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When God makes covenant, you can count on it! Always.

Updated: Mar 2, 2022

A Closer Look at Abraham

Just over 30 years ago, as I was continuing my undergraduate studies in theology, I was taking a class with Dr. Daniel C. Juster. Dan would become one of my primary mentors, not only in theology but in congregational government. As was typical, he was already about 15 minutes past the end of the class. I was getting agitated. Unpleasant thoughts were finding their way into my mind. And then Dr. Juster read the passage where the Angel of the Lord stops Abraham from killing his son Isaac. This is where God renews his covenant with Abraham. "In blessing, I will bless you…" (Gen. 22:17a)…

And then something happened that I will never forget. As Dan read the passage, he began to cry. Tears streamed down his face as God renewed the covenant with Abraham. It was the first time I had ever seen anybody cry over theology, and it was profound. I was embarrassed at my attitude, that I just wanted to get the class over with. He was clearly seeing a truth to which I was still blinded in my young faith—and truth moved his emotions. That moment played a profound role in developing a passion in me for theology. So it's with joy that I have the opportunity to take a deeper look at God's covenant with Abraham.

A recurring theme in Scripture, from Joseph to Paul and his companions almost losing their lives, is that God makes great promises, and then there is a period where it seems impossible. We see that with David's calling to become king. We see it with Esther and Mordecai, and we certainly see it in the resurrection of Yeshua. We also will see it in the life of Abraham.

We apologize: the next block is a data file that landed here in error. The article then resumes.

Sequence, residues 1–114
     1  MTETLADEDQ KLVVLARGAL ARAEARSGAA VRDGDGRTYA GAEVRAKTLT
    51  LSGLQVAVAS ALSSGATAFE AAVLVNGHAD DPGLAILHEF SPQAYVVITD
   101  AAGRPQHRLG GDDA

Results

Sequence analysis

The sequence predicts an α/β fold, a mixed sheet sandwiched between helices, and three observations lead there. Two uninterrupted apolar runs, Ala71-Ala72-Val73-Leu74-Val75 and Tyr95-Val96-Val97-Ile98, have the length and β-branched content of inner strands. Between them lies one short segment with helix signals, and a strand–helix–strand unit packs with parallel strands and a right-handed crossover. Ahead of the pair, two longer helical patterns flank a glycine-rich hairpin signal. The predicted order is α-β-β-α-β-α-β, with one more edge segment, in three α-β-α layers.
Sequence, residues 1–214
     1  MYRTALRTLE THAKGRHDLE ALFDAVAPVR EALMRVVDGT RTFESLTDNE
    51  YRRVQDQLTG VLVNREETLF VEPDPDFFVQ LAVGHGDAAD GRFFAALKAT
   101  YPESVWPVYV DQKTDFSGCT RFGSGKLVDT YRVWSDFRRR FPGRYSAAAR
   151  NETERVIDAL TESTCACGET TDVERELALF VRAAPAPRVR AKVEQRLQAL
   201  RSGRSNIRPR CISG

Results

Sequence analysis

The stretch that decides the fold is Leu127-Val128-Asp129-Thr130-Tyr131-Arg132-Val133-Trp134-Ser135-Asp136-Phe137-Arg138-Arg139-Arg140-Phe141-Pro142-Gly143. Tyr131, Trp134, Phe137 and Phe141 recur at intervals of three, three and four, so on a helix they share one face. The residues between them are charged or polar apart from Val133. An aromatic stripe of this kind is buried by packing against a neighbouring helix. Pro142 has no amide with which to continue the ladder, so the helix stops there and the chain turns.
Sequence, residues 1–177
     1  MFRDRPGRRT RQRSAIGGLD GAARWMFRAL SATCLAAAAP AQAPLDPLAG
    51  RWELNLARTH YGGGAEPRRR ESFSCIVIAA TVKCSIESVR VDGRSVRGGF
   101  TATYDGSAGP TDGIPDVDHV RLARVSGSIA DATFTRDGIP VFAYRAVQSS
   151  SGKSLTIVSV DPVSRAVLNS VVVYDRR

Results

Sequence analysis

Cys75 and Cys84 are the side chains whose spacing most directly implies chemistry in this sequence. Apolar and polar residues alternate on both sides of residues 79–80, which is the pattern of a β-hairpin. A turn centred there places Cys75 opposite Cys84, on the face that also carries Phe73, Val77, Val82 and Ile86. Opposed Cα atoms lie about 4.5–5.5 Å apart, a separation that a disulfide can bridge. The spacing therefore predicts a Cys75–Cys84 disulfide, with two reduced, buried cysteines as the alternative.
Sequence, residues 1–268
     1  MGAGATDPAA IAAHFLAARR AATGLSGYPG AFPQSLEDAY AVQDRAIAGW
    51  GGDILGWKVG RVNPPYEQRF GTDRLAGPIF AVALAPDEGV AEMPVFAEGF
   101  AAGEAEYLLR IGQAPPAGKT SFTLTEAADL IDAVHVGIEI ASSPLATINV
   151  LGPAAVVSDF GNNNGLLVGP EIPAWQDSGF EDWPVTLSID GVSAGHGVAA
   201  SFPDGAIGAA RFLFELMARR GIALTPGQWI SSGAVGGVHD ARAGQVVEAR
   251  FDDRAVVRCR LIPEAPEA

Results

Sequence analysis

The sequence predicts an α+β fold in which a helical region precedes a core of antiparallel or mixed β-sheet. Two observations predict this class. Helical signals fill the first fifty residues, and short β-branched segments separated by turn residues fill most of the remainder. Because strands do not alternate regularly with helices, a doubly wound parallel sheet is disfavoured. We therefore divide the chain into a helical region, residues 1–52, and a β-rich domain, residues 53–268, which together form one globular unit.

According to Stephen, "The God of glory appeared to our father Abraham while he was still in Mesopotamia" (Acts 7:2). He told him, "Go from your country, your people and your father's household to the land I will show you" (Gen. 12:1).

Something that few people notice is that Abraham's father had already left Ur of the Chaldeans for Canaan. Why? Had God spoken to him first? Why did he not fulfill the journey? Yet God says to Abraham in Genesis 15:7 that he brought him out of Ur of the Chaldeans, not out of Haran, where they settled. So maybe the entire Terah clan set out on the divine mission that was then passed down to Abraham.

Was Terah simply too broken over the death of his son Haran (Gen. 11:28)? "It is a devastating and unexpected sorrow for a father to outlive his son (cf. 37:34–35)."[1] Why does the Bible mention Haran's death as taking place "while his father Terah was still alive?" "For some unexplained reason, the intended migration of Terah and family from Ur to Canaan had come to a halt."[2]

The text tells us that Abraham leaves his father, taking his wife and his nephew Lot. He obeys the heavenly voice. Abraham is dependent on this voice that has visited him as Terah "gave him no inheritance here, not even enough ground to set his foot on" (Acts 7:5). Not that Abraham was poor (Gen. 12:5), but leaving his inheritance, he takes a risk and trusts the heavenly voice.

The Promise

Before the covenant, we have the promise. It is sevenfold:

  1. I will make you into a great nation,

  2. I will bless you,

  3. I will make your name great,

  4. You will be a blessing,

  5. I will bless those who bless you,

  6. I will curse those who curse you,

  7. All peoples of the earth will be blessed through you. (Gen. 12:2-3)

He arrives in Canaan, and God tells him that He is also giving this land to Abraham and his offspring (v. 7). The land promise is perpetual to Abraham's descendants, as Gen. 17:8 calls it an "everlasting" (עלום) possession. The strongest language used in the Hebrew Bible to convey eternal or everlasting is min olam ve'ad olam, and it almost exclusively refers to God. It is translated as "forever and ever." Two places where it doesn't refer to Elohim are in Jeremiah 7:7 and 25:5. In both places, it refers to God's promise of the land of Israel to Abraham's descendants. This is strengthened by Jacob's words to Joseph, long after Abraham had died, "I will make you a community of peoples, and I will give this land as an everlasting possession to your descendants after you" (Gen. 48:4). The land where I am typing these words 3600 years later was not merely to Abraham but his offspring after him.